Used Suzuki Baleno Review (2015-2022) MK1

Independent review by Peter Hayward from Driving Force

4-minute read

Red Suzuki Baleno Exterior Front Static

Suzuki Baleno (2015-2022)

If you're a family that's in need of something practical, comfortable, and budget-friendly, the Suzuki Baleno may be right up your street

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  • Great value for money
  • Family-friendly
  • Efficient powertrains
  • Doesn't look the best
  • Lacks refinement in some areas
  • Not the most desirable
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What's the Suzuki Baleno like?

With keen prices and generous standard equipment, plus very reasonable running costs and a high level of comfort, the Suzuki Baleno makes a very good smaller family hatch.

Suzuki has an excellent record for reliability and the 5-door Baleno is a brilliant car with room for four and a decent boot on top of many other class-leading attributes.


One of two power units available has a government economy figure of no less than 70mpg, which has to be fantastic for a petrol car.

The more powerful of the two engines is Suzuki’s excellent Boosterjet 1.0-litre turbo petrol, which in this guise, produces an excellent 110bhp.

To put that into context, it’s not far off the power of some early 1.6-litre GTI’s, although they were a lot lighter.

It’s good for 56mpg and will accelerate from 0 to 60mph in 10.9 seconds, although it feels quicker

The even more frugal option is a mild-hybrid 1.2-litre petrol with 88bhp, and this is the model that's rated at an excellent 70mpg. Obviously, it’s a bit slower too, reaching the benchmark speed from rest in 11.9 seconds.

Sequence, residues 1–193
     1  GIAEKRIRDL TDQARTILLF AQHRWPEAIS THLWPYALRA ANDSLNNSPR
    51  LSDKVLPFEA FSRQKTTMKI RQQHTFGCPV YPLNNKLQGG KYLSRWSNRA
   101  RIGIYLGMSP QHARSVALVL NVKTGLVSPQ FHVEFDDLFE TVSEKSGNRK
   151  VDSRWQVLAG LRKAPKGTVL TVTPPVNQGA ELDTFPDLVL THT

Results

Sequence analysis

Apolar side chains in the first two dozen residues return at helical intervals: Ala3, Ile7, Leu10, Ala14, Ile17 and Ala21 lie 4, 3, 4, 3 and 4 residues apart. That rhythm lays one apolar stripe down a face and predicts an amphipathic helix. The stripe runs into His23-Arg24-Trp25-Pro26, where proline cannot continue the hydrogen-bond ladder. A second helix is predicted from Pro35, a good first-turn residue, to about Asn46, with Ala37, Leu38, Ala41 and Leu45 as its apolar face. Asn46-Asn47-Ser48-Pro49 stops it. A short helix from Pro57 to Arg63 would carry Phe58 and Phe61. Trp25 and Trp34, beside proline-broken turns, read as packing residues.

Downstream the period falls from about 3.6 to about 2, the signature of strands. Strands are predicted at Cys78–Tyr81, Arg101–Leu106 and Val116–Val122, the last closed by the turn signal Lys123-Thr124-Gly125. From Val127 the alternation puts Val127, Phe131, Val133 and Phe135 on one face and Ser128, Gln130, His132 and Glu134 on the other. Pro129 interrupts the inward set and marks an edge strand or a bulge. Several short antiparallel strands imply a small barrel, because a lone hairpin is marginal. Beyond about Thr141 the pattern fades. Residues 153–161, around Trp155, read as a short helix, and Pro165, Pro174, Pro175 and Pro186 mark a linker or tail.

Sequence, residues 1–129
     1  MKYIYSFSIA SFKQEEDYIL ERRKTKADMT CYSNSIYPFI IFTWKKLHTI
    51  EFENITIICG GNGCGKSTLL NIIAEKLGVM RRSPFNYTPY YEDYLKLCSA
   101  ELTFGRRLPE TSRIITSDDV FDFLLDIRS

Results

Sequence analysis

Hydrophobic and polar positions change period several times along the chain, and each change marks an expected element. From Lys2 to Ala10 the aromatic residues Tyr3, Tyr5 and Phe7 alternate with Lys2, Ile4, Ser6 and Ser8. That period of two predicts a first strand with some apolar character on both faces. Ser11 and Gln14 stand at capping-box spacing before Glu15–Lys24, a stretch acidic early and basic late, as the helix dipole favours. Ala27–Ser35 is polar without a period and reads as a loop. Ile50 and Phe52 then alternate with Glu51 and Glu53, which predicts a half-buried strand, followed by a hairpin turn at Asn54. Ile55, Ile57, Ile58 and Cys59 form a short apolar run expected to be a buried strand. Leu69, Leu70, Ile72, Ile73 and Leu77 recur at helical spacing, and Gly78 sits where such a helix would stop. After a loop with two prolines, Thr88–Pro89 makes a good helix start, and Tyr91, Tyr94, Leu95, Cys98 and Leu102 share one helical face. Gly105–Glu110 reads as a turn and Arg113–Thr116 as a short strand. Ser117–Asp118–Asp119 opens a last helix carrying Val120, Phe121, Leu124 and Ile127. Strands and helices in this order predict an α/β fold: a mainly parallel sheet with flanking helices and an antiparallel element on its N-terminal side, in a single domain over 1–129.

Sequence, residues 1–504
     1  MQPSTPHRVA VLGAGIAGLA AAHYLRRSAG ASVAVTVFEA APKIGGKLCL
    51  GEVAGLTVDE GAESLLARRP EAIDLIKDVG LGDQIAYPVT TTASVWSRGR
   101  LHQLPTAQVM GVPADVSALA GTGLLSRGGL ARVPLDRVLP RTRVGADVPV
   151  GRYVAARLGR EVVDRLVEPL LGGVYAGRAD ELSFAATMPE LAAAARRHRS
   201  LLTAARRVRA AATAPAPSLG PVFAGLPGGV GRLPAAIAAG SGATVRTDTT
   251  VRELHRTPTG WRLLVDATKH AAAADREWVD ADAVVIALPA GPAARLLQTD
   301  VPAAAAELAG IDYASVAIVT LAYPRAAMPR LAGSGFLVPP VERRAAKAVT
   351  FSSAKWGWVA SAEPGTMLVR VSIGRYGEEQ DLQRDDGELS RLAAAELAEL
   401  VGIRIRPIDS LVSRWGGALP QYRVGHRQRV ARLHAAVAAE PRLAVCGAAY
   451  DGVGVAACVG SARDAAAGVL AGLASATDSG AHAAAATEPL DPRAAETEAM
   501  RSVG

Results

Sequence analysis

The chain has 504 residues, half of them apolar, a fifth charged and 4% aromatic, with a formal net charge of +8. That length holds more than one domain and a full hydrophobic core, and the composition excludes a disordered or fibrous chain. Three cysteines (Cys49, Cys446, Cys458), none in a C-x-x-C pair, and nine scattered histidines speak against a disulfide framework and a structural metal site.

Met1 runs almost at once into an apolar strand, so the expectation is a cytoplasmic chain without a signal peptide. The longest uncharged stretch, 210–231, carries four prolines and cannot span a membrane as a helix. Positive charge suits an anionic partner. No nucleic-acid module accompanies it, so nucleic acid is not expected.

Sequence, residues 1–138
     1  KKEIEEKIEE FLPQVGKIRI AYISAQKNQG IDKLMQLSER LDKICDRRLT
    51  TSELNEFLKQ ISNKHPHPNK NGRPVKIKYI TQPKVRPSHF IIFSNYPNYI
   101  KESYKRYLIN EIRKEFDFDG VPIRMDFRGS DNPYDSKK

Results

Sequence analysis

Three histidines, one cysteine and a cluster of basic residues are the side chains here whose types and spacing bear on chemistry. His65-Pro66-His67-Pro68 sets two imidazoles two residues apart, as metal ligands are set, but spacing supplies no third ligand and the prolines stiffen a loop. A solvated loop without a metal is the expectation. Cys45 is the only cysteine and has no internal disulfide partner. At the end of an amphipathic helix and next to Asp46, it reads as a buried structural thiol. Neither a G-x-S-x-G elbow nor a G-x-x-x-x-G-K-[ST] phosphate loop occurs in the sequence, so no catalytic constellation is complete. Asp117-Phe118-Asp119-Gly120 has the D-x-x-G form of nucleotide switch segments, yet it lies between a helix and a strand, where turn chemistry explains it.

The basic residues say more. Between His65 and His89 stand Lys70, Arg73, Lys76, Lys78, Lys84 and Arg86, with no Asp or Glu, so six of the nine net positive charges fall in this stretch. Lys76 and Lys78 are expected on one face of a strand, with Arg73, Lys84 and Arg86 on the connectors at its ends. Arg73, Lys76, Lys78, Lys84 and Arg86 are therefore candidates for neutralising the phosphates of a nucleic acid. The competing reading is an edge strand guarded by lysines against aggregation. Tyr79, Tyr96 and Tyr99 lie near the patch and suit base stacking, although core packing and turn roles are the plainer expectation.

Both engines drive the front wheels through a slick changing 5-speed gearbox, and an automatic is available in some models.

Both are also smooth and quiet, but the Boosterjet 1.0-litre is a gem, and beautifully tuneful when revved.

But there’s actually little need to use the revs most of the time, because the turbo means it pulls happily from low speeds even in 5th gear.

Driving Experience

The ride is brilliant – even in town at low speeds – and it stays just as good out on the open road, even when the surface is poor.

It takes speed humps and the multi-excavated town roads we all face every day completely in its stride

Despite some roll, it also holds the road really well, with excellent balance even when pushed very hard and good feedback from the decently tactile power steering.
Peter Hayward

Sharp changes of direction give it no difficulty, and grip is excellent – despite fairly thin tyres to help economy.

This is a smaller car that I could easily live with because it’s a joy to drive in almost every situation

Practicality and Interior

From the outside it seems quite small, but that small footprint hides a Tardis-like interior.

Inside, it may not be particularly plush, but everything you need falls to hand, and the seats are supportive and comfortable.

Taller passengers will be happy in the back, and access is easy through the wide opening doors.

The boot is also a good size, and will expand dramatically with the use of the split-folding back seat.

All models come with excellent equipment including touchscreen infotainment with sat nav, stereo, and a number of car functions.

They also have air conditioning, automatic lights, Bluetooth, USB, traction control and alloy wheels, so if you’re downsizing, you won’t miss out on much.

The SZ-T adds audio remote controls on the steering wheel, fog lights and parking sensors and the top SZ-5 gets autonomous emergency braking, adaptive cruise control and climate control among other extra kit.

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The Baleno is likeable, good to drive, big inside, very comfortable and cheap to run – it’s a real winner. While rivals are more popular and possess better kerb appeal, they'll struggle to match the Suzuki Baleno's value for money proposition.